Cookies, candy, cans of pop and hot dogs may increase a person’s risk of bowel cancer, according to a new study.
Highly processed foods, which also include instant soups and noodles, sweet or salty packaged snacks and sugary drinks, can increase a person’s risk, the researchers said.
Academics in the US looked at data taken from three large long-term health studies involving more than 46,000 men and almost 160,000 women.
Participants were followed for 24 to 28 years.
During this period, approximately 3,216 cases of bowel cancer were identified.
The academics used data on cases and diets to determine bowel cancer risk.
Compared to those who ate the lowest amount of ultra-processed foods, men who ate the most were 29% more likely to develop bowel cancer, but the link was not found in women.
When the researchers looked at subgroups of highly processed foods, they found that women who consumed the highest amounts of ready meals had a 17% increased risk of bowel cancer compared to those in the group with the lowest consumption.
They also found that higher consumption of ready meals containing meat, poultry or seafood led to an increased risk for men.
Among men, they also linked higher consumption of sugary drinks to bowel cancer.
Those in the group who drank the most of these drinks were 21% more likely to develop bowel cancer compared to those who drank the least.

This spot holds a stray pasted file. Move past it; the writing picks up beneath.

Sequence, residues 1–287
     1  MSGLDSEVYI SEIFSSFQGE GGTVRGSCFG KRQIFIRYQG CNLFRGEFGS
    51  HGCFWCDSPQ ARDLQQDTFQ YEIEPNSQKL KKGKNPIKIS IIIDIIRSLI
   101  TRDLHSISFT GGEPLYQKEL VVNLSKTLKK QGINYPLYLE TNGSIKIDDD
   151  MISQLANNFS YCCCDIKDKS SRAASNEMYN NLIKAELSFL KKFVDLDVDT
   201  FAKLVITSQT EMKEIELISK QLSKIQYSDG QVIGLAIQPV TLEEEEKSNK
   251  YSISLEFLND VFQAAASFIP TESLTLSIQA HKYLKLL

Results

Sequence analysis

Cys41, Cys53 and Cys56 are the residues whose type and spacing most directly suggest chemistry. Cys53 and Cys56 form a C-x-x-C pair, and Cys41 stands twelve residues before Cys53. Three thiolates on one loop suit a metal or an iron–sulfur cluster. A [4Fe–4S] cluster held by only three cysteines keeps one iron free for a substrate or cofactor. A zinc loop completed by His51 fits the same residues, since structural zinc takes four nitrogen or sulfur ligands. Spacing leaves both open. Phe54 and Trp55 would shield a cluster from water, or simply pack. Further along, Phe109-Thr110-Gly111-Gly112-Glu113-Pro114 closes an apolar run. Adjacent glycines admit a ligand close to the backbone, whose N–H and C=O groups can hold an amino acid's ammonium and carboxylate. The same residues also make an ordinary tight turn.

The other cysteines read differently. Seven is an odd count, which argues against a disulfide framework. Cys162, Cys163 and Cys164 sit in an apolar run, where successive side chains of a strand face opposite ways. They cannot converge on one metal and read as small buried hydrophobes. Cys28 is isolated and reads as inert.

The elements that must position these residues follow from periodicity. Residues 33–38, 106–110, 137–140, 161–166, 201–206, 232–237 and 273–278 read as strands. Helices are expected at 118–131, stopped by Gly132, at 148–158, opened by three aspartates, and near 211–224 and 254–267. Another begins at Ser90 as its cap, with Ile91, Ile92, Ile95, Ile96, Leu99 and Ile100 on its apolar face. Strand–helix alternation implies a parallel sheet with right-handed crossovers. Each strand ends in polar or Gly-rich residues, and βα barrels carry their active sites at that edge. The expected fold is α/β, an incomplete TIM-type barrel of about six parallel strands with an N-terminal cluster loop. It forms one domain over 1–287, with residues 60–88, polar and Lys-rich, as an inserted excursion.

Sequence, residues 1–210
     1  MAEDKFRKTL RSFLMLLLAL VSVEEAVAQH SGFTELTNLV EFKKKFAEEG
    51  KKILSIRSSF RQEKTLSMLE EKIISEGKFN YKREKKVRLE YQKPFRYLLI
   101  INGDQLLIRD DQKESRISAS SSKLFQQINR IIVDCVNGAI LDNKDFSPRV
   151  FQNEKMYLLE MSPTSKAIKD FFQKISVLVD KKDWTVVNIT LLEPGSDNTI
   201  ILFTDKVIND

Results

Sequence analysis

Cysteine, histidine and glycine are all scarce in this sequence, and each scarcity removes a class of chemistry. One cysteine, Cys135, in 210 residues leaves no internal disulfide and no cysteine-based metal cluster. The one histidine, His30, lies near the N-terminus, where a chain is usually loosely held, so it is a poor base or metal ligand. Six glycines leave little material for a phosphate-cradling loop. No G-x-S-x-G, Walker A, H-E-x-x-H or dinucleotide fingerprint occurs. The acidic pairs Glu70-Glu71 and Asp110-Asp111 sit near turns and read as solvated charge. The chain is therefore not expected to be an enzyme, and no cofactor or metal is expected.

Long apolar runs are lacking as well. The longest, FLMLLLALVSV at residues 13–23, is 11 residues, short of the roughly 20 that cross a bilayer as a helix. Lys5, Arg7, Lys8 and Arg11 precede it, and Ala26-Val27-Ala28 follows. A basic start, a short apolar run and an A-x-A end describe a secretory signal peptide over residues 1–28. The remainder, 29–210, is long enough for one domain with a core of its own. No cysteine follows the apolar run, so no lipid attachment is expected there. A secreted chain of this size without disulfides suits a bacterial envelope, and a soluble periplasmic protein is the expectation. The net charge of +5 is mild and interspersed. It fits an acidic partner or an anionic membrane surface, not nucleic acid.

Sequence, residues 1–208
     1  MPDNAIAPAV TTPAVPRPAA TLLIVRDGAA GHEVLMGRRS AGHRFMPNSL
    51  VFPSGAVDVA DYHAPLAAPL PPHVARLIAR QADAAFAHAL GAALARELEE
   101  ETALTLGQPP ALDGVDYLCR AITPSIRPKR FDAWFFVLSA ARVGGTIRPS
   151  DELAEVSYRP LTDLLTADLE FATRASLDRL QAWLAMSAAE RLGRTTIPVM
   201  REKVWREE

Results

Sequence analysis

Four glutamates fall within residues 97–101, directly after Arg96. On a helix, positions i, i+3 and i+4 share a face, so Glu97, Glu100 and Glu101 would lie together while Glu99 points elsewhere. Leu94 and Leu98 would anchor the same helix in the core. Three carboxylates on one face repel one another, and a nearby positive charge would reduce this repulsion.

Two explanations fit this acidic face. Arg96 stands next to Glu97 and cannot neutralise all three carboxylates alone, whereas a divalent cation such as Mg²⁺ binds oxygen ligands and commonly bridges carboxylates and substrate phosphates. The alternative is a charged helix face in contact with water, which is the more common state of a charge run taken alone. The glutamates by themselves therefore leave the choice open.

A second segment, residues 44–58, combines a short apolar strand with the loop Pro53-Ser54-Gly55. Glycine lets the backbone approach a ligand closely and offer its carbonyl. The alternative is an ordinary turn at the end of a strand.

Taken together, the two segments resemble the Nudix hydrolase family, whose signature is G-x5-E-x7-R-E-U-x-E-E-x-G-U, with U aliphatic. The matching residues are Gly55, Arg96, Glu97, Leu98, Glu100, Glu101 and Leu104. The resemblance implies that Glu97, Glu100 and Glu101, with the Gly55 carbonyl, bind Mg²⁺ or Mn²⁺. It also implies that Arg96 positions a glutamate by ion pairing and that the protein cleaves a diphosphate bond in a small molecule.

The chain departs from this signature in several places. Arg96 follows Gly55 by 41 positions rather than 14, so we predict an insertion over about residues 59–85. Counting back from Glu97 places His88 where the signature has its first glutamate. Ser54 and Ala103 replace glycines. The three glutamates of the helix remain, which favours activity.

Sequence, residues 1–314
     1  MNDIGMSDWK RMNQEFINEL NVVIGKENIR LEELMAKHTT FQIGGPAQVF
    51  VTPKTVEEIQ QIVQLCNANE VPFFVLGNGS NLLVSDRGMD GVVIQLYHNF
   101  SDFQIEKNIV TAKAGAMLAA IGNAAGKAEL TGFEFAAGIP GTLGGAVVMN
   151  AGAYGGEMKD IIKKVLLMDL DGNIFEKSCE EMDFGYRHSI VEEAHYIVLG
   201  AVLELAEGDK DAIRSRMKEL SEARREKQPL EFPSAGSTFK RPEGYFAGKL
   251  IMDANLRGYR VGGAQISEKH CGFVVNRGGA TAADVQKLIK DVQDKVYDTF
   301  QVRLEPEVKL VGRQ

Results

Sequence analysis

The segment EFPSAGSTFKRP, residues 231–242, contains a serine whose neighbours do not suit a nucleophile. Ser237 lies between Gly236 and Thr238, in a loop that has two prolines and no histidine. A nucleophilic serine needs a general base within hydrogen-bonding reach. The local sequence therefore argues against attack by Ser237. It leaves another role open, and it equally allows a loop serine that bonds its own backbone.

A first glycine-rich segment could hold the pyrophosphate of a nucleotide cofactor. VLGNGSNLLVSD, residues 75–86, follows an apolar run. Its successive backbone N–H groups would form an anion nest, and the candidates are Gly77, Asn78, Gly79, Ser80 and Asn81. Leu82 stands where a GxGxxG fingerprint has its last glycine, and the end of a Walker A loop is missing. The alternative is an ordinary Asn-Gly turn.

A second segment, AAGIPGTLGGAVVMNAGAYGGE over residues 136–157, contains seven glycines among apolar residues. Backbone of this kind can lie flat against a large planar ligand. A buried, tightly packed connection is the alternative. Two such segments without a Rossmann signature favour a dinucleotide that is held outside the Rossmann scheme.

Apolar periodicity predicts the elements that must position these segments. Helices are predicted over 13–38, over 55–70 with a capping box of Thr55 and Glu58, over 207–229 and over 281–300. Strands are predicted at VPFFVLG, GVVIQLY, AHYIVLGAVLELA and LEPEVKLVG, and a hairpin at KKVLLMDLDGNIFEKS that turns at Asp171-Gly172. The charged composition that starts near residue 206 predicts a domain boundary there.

“High consumption of total ultra-processed foods in men and certain subgroups of ultra-processed foods in men and women was associated with an increased risk of colon cancer,” the authors wrote in The BMJ.
They said highly processed foods make up 57% of the total daily calories consumed by American adults, a number that has been steadily increasing over the past two decades.
Meanwhile, a separate study published in the same journal looked at food consumption in Italians.
The researchers looked at data on nearly 23,000 participants, 2,205 of whom died during the follow-up period.
They found that adults with the lowest quality of diet and the highest consumption of ultra-processed food were more likely to die during the follow-up period compared to those who had the best diet and ate the least amount of ultra-processed food.
In an accompanying article, Brazilian researchers said that most highly processed foods “are made, sold and promoted by companies, usually transnational, that frame them as convenient (ready-to-eat), affordable (low-cost ingredients) and super-palatable, and therefore it can displace other foods and also be overconsumed.’
They said highly processed foods include soft drinks. packaged snacks; commercial breads, cakes and cookies. confectionery; sugary breakfast cereals; Milk-based drinks with sugar and fruit. margarine; and pre-processed ready-to-eat or warming products such as burgers, pasta and pizzas.
“Most highly processed foods are energy-dense products, high in fat, sugar and salt, and low in fiber and micronutrients,” they added.
“What is to be done? Everyone needs food, but no one needs highly processed foods (with the exception of infant formula, in the rare cases where infants do not have access to breast milk).
“The analogy is smoke. The rational solution is formal public policies, including guidelines and publicity advising avoidance, and actions, including statutes, aimed at reducing the production and consumption of highly processed foods and limiting or preferably banning their promotion ».